Op. 12, Esquisses Hebraiques by Aleksandr Krein, 1928. Aleksandr Krein, Op. 12, Esquisses Hebraiques pour 2 Violons, Alto, Violoncelle et Clarinette in B; Partition (Moscow, 1928). RG 112, Music Collection, F88. (YIVO)

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Krein, Aleksandr Abramovich

(1883–1951), composer and cellist. Aleksandr Krein was born in the Russian city of Nizhnii Novgorod into a family of musicians. His father, Avraham (1838–1921), was a klezmer violinist and amateur folk-song collector. Seven of his ten children became professional musicians, notably David (1869–1926), the concertmaster of Moscow’s Bolshoi Theater orchestra, and Grigorii (1879–1955), also a composer. After a childhood spent performing in his father’s klezmer band, Krein entered the Moscow Conservatory at age 13 as a cello student. He went on to study music theory and composition with composers Sergei Taneyev and Boleslav Yavorsky.

While still a student, Krein began to compose song settings for Russian and French symbolist poetry. Upon graduation in 1908, he developed a highly original style of Jewish concert music, one that combined the new harmonic language of modern composers such as Claude Debussy and Maurice Ravel and, in particular, Scriabin with the lyrical melodies and distinctive modes of Jewish folk music. Krein’s first efforts in this direction, two sets of Evreiskie eskizi (Jewish Sketches) for clarinet and string quartet (1909 and 1910), based on melodies from his own father’s klezmer repertoire, earned him immediate critical acclaim, establishing him as a major new voice in both Russian and Jewish music.

"Frumeleh" (also known as "Hober un Korn"). Words: Traditional. Music: Aleksandr Krein. Performed by Sidor Belarsky with Lazar Weiner, piano. Musicraft 274 mx. RS-1151, New York, 1940s. (YIVO)

Krein went on to play a major role in the emerging school of Jewish national music, both as a composer and as an active member of the Society for Jewish Folk Music’s Moscow Branch (1913–1919) and its successor organization, the Society for Jewish Music (1923–1929). From 1912 to 1917, he taught cello at the People’s Conservatory of Moscow, and after 1917 served in a variety of roles in the music section of the Soviet Ministry of Education (1918–1927) and on the editorial board of the State Music Publishing House (1922–1951).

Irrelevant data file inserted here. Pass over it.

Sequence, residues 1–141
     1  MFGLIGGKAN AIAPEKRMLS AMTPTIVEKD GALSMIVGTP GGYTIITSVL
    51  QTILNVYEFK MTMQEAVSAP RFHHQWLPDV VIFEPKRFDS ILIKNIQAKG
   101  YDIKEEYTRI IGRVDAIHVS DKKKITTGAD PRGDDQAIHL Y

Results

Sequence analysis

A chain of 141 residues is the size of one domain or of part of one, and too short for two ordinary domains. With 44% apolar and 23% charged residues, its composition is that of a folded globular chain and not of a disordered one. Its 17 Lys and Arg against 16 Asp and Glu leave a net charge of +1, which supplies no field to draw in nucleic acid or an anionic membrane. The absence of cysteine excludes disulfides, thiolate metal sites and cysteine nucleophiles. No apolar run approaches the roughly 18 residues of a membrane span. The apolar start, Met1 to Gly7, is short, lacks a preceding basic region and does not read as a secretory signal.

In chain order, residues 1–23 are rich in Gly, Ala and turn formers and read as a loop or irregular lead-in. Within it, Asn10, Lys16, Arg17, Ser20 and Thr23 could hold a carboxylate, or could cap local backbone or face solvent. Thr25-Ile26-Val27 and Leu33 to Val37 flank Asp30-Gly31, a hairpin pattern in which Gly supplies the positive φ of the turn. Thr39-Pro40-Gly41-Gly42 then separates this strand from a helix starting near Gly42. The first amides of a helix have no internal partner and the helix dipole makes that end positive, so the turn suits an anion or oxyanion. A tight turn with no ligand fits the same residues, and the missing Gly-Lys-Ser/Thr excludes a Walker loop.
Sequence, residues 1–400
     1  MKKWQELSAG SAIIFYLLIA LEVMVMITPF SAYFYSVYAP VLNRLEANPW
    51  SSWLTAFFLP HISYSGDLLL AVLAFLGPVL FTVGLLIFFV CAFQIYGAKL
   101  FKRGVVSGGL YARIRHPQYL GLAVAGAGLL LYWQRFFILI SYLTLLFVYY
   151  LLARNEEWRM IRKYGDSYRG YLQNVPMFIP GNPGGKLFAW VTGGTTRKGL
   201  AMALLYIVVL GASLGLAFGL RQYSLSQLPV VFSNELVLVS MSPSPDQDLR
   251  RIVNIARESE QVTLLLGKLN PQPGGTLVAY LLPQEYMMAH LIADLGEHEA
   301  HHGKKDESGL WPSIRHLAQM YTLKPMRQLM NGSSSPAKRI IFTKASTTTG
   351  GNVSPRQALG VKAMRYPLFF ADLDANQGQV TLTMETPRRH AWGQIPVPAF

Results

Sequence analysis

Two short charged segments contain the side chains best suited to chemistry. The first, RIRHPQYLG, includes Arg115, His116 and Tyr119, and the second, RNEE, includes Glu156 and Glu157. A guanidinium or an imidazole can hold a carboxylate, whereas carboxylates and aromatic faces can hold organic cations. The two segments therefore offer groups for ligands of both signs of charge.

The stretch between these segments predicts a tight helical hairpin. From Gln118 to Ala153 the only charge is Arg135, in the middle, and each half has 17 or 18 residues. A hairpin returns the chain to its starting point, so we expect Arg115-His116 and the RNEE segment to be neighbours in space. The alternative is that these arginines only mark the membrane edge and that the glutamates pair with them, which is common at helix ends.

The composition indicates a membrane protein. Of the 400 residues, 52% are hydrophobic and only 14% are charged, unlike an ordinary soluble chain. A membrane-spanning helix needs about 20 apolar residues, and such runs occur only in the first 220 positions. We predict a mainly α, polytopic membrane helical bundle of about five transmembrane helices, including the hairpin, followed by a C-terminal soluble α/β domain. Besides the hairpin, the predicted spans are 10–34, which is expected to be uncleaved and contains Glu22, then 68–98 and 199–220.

Beginning in 1917, Krein composed extensively for the theater, including Moscow’s Hebrew-language Habimah Theater and the Moscow, Kiev, and Minsk State Yiddish theaters. During the 1920s, he wrote several important works, including the symphonic cantata Kaddish (1921–1922), the First Piano Sonata (1922), and the First Symphony (1922–1925). In these compositions, Krein embraced both Jewish folk and liturgical melodies as part of his search for a distinctive, non-European Jewish sound. As the Communist regime grew more and more ideologically restrictive in the late 1920s and 1930s, Krein struggled to reconcile his art with the increasing political pressures. In spite of obvious compromises in the form of works such as the cantata Funeral Ode in Memory of Lenin (1925–1926) and the symphonic oratorio The U.S.S.R.—Shock Brigade of the World Proletariat (1932), Krein continued to explore Jewish musical and literary themes in his work well into the 1940s. His opera Zagmuk (1929) concerned the Jewish uprising in ancient Babylon and was staged as the first Soviet opera at the Bolshoi Theater in Moscow (1930).

In 1934, Krein was awarded the title of Honored Artist of the Soviet Union. As late as 1941, he composed music for productions of the Moscow State Yiddish Theater along with his Second Symphony (1945), a meditation on the historic sufferings of the Jewish people from ancient times through the Holocaust.

Suggested Reading

Joachim Braun, Jews and Jewish Elements in Soviet Music (Tel Aviv, 1978); Alexander Krein, Songs from the Ghetto (London, 2003), sound recording with program notes by Jonathan Powell; Jonathan Powell, “After Scriabin: Six Composers and the Development of Russian Music” (D.Phil. diss., Univ. of Cambridge, 1999).

YIVO Archival Resources

RG 112, Music, Collection, 1846-1973; RG 711, Lazar Weiner, Papers, 1908-1974.